The results, which will no doubt be contested, paint a fascinating picture of a Mexico split between a modern northern half that has benefited from the free-trade agreement with the U.S., and a Mexico in the south that remains largely poor and wedded to the tradition of support from the state. In some ways, it's Mexico own version of blue and red states.

In the states that are closest to the U.S. border, Mr. Calderon won a smashing 47% to 22% victory. At the same time Mr. Lopez Obrador, a former firebrand mayor of Mexico City, won his home base by 49% to 32%. A critical swing area proved to be the fast-growing Yucatan states, which so many Americans are familiar with for having vacationed in Cancun and Cozumel. Although located in the south, that area went for Mr. Calderon by about 200,000 -- precisely his nationwide margin.

The sore losers in Mr. Lopez Obrador camps, along with his U.S. sympathizers, will claim their man's loss is a defeat for Mexico's poor. But that's not what the exit polls show. Among the poorest fifth of Mexicans, Mr. Lopez Obrador only won by 34% to 31% over Mr. Calderon, with the remainder of the vote going to a candidate from the once-dominant PRI party. Many poor Mexicans warmed to Mr. Calderon's calls to open up the economy and rejected Mr. Lopez Obrador's promises of state pensions for all those over age 70. Conversely, while Mr. Calderon carried the top fifth of Mexican income earners, his victory was only by a margin of 50% to 30%. "Many public-sector and university graduates with high incomes supported Lopez Obrador out of some combination of economic interest and leftist conviction," says Michael Barone, the author of the Almanac of American Politics, who is reporting from Mexico.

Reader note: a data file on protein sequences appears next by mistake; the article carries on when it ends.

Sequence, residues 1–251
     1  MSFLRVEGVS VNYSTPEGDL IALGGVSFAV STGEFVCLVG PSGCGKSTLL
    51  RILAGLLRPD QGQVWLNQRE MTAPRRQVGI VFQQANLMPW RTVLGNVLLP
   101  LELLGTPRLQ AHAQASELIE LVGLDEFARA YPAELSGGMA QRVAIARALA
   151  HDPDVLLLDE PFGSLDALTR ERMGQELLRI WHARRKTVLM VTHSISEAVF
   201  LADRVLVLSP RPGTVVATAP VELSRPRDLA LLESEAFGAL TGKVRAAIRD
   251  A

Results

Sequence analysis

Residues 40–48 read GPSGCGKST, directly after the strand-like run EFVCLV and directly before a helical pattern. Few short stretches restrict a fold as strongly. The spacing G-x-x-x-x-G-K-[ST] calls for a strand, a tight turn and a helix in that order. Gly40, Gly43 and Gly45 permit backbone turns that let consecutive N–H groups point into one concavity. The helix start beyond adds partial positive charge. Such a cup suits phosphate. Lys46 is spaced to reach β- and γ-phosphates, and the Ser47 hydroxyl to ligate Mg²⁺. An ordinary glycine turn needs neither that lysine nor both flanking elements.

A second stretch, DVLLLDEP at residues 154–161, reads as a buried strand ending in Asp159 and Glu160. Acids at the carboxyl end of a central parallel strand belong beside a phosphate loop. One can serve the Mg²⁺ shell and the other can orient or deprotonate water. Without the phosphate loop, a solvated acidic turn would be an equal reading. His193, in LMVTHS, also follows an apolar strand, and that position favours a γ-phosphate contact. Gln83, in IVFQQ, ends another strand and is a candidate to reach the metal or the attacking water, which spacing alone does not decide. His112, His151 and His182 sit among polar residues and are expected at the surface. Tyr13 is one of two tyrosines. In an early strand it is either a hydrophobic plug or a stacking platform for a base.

Do hunter safety classes matter?

These changes back and forth would provide a nice empirical test for whether these hunting education classes actually improve hunter safety. I haven't looked at the data, but my guess is that they don't matter with respect to safety, though they will probably affect the number of hunters.

New hunters in Massachusetts will have to complete a hunter education course before heading for the woods, under a bill signed into law yesterday by Gov. Mittt Romney. . . .

Prior to the 1998 gun control law, in order to get a hunting license a person would either have to have carried a license prior to Jan. 1, 1997, or have taken a 15-hour hunter education course administered by the state division of Fisheries and Wildlife.

The 1998 law, according to Wallace, was "poorly written" to allow anyone who carried a firearms license or a firearms identification card to go hunting without a hunter education course. . . . .

Rod Blagojevich again on guns: will Southern Illinois learn this time?

Can Blagojevich again convince southern Illinois voters that they can trust him again on issues such as guns. Given his vetoes and acknowledgement that he has gone back on promises, I don't know how they can trust him again.

Four years ago, Rod Blagojevich, a lifelong Chicagoan with a history of supporting gun-control, stunned the Illinois political world by convincing culturally conservative voters throughout Southern Illinois to help put him in the governor's office.

Now gunning for re-election, Blagojevich is attempting another downstate surprise. But it may prove more elusive this time, as he tries to stay out of the crossfire of the state's continuing gun-control debate. . . .

After four years of sometimes strained relations with Southern Illinois - over things like prison employment cutbacks, budgetary largess aimed at Chicago, and the governor's continuing support of certain gun-control measures